What size are Android App Icons? It is a simple question but even Android, who provide better icon documentation than most, seem to want to make you work a little for the answer. Fear not, I have compiled a simple Android icon size guide for you! There are two types of Android icons, those that… Read more »
With each new iteration of the iPhone and iOS adding new screen sizes and resolutions, Apple seem intent on making designers play catch-up. There are now around six different icon sizes for Apple’s plethora of iOS devices, and with this figure often changing, it’s important to keep up to date on the latest iOS icon… Read more »
What icon sizes do I need for Android 5? Android 5.1 Lollipop continues with the same sensible icon size methodology as Android 4.1 As technology has evolved, phone & tablet manufacturers have created screens with ever increasing resolutions and pixel density. An increase in pixel density or dots per inch (dpi), means more image information… Read more »
How good are free icon maker tools? These programs let you select the format, size or even add some simple effects. How cool, is that? App icon generators are really helpful. They work like some kind of magic. Import an image, let the software scale it to the sizes you need & export the correct… Read more »
Windows IconsWindows ICO Specification You can view all the Windows icon sizes within the file explorer Windows icons can be more complicated than you might think As with all the other software platforms that support icons files, Icons for Windows have there very own set of sizes and specifications. Icons for Windows use a Windows… Read more »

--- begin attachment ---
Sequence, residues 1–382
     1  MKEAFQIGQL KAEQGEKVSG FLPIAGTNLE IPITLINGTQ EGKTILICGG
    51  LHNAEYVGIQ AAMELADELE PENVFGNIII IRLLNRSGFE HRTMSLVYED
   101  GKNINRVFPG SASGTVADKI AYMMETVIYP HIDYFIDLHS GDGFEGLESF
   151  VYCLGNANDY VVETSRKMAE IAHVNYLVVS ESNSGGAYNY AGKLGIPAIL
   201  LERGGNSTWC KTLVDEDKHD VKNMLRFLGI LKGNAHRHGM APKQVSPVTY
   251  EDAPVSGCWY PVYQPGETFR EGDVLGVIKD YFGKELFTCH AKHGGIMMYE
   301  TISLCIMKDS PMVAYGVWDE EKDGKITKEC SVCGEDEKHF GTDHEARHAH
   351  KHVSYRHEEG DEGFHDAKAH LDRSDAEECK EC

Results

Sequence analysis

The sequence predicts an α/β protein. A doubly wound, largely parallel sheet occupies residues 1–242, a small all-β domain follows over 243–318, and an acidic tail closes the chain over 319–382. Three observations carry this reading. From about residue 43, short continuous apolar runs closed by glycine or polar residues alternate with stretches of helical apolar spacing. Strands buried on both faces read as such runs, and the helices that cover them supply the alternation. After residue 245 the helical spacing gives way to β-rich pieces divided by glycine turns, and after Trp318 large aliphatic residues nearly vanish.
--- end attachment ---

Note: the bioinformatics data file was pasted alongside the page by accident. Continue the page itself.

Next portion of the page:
What are Android Icon Sizes? It is a simple question but even Android, who provide better documentation than most, seems to make you want to work a little for the answer. Fear not, I have done the work for you! Android Icon Sizes – App Launcher What sizes do I need for Android App launcher… Read more »
Microsoft does provide a lot of information to Windows Phone App developers about the Windows 8 and 8.1 User Interface, but they don’t tell you how big your icons should be or where exactly they should be placed within the tiles to match Microsoft’s own Application Tiles. This guide provides those answers so you can… Read more »
*UPDATE* 11/11/13 Check out our new Windows 8.1 Icon Tile size guide. Never being one to make life easy, Microsoft have released some fairly ambiguous information to Windows 8.1 App developers. From the information I have had access to, I have put together this brief guide to the Windows 8.1 App launcher & Tile Icon… Read more »
As Apple have decided to make some changes to their App Icon size and corner radii form iOS7, I thought it would be helpful to myself and others to create a PSD template to both produce all the different Icon Sizes now required, as well as show how these will look on both iOS6 and… Read more »
Find the correct Android App Icon Sizes, fast For the latest information see: Simple Android Icon Size Guide for Lollipop 5.1 (5.1) An icon is a graphic that takes up a small portion of screen real estate and provides a quick, intuitive representation of an action, a status, or an app. So, Icons should get… Read more »